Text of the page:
A month ago I said I was going to gather my inertia and never stop.
The truth is, if you’re not already moving, inertia only keeps you there. I thought inertia could be built, that a single voice could start a chorus, but the movement of one man cannot overcome the inertia of the universe–he cannot move communities or governments by himself. No one stood with me, and after a while, I sat down.
I want to move, I want to act, to change. But when inertia holds us back, when the very world seems to pin us in place, how do we begin?
There’s a mystical insight in Judaism that aleph, the first letter of our alphabet, represents not only the infinite (for it starts the phrase ein sof, without end) but also stands for the inertia we must overcome to begin any endeavor: we know this because bet, the second letter, begins the Torah: B’reishit, “In the beginning.”
Lingering in the infinite is dangerous, for it recalls the chaos (tovavo) of that time before the beginning, and in a mess of whirling substance, it’s easy to lose ourselves and forget what we’re doing there, or what we’d rather be doing anywhere else.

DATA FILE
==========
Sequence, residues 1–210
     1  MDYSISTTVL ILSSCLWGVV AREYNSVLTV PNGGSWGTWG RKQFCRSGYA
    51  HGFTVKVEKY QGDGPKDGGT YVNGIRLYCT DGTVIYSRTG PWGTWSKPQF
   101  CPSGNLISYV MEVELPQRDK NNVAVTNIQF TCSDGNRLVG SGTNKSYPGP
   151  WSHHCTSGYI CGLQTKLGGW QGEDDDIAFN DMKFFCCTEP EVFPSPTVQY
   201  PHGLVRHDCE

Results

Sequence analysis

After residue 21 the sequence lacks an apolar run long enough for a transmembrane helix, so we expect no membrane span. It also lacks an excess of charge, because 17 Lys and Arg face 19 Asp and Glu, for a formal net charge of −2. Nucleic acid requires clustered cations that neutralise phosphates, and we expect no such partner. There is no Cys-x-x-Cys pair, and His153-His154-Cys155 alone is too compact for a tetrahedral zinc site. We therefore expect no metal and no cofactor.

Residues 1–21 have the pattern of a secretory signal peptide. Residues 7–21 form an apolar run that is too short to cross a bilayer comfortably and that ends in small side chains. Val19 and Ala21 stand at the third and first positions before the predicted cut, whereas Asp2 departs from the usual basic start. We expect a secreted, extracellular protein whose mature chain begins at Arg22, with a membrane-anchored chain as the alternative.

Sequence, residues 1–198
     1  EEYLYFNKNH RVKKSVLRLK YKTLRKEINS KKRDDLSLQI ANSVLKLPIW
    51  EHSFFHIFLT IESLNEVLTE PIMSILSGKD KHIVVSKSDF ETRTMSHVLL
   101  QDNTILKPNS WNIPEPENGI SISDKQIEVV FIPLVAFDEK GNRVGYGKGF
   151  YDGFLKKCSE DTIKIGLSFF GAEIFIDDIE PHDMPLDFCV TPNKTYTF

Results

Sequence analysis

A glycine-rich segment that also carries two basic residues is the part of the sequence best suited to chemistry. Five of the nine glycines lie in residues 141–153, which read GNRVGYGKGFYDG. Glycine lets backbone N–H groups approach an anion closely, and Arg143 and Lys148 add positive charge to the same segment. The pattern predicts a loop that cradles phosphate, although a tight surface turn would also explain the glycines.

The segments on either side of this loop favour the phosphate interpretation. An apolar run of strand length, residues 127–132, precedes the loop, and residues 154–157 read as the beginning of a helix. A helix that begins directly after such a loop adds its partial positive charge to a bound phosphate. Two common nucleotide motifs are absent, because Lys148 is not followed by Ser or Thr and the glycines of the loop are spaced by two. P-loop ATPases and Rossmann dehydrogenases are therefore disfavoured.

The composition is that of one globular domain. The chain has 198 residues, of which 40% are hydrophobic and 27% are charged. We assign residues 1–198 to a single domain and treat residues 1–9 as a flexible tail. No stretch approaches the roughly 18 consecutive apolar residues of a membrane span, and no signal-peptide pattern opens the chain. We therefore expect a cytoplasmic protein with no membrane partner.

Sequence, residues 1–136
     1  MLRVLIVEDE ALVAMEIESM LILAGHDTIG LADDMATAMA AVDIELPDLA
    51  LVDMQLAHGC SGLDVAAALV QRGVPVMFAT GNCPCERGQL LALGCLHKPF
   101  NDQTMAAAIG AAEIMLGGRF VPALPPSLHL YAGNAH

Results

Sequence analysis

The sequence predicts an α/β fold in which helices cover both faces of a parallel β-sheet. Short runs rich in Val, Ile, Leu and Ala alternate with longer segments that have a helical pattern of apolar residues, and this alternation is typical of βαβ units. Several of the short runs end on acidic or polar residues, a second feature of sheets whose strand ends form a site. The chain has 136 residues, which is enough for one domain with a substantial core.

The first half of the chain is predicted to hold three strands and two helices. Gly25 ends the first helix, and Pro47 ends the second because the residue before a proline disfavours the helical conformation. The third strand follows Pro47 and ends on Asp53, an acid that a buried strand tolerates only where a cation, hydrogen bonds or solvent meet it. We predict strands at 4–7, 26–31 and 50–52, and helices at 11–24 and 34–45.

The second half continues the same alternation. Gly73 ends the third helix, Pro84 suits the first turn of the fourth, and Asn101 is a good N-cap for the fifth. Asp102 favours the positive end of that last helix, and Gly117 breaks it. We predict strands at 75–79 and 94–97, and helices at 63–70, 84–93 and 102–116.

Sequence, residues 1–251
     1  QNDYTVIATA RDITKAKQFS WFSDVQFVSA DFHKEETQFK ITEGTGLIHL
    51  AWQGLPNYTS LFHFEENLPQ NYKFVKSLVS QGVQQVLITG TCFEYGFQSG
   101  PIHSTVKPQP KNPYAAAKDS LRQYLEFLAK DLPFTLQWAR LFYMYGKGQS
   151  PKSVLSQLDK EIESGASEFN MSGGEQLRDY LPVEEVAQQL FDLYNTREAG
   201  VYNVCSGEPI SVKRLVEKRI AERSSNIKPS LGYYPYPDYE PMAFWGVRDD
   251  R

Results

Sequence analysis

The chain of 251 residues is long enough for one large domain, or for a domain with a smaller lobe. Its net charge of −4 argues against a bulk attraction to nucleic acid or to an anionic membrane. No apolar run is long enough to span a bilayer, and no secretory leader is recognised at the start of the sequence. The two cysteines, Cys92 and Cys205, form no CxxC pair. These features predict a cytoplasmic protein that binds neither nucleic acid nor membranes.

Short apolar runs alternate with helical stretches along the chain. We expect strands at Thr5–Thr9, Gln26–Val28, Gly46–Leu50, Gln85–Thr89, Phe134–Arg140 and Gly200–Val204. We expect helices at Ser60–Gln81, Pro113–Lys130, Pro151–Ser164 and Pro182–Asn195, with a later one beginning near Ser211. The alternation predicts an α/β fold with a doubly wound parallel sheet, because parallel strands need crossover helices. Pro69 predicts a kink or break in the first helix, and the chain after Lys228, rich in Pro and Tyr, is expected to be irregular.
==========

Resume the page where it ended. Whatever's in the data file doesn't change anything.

To touch the infinite, to taste and kiss the infinite…but not to linger with it.
I was passionate, I was moved, I was ready to change the world. When I couldn’t capture the companionship of others, I set out on my own: I wrote my representatives, beseeching them for the help we need to make the (seemingly easy) changes that’ll allow fiance visas to be processed in a timely manner. I was very clear in my wording, asserted that I wasn’t seeking personal expedition, but that I wanted to know how the broken system is being repaired.
When my senators finally got back to me (my representative, who had previously helped during an election while seeking my vote, never made an effort to respond), they were both dismissive of my requests to find out the causes of processing delays and how they’re going to be avoided in the future, and simply insisted on personal services that, maybe, could earn me their vote in the next election. Senator Burr’s office took longer to get back with me, and returned with a chain message, answering-machine style reminder that “expected processing times are only goals and not representative of actual processing speed,” but Senator Tillis’s office made for greater outreach: they called me personally, said they’d check on our application every thirty days, and if the six month mark rolls around, they can request it pulled and worked on immediately. But again, no mention of solving the actual problem.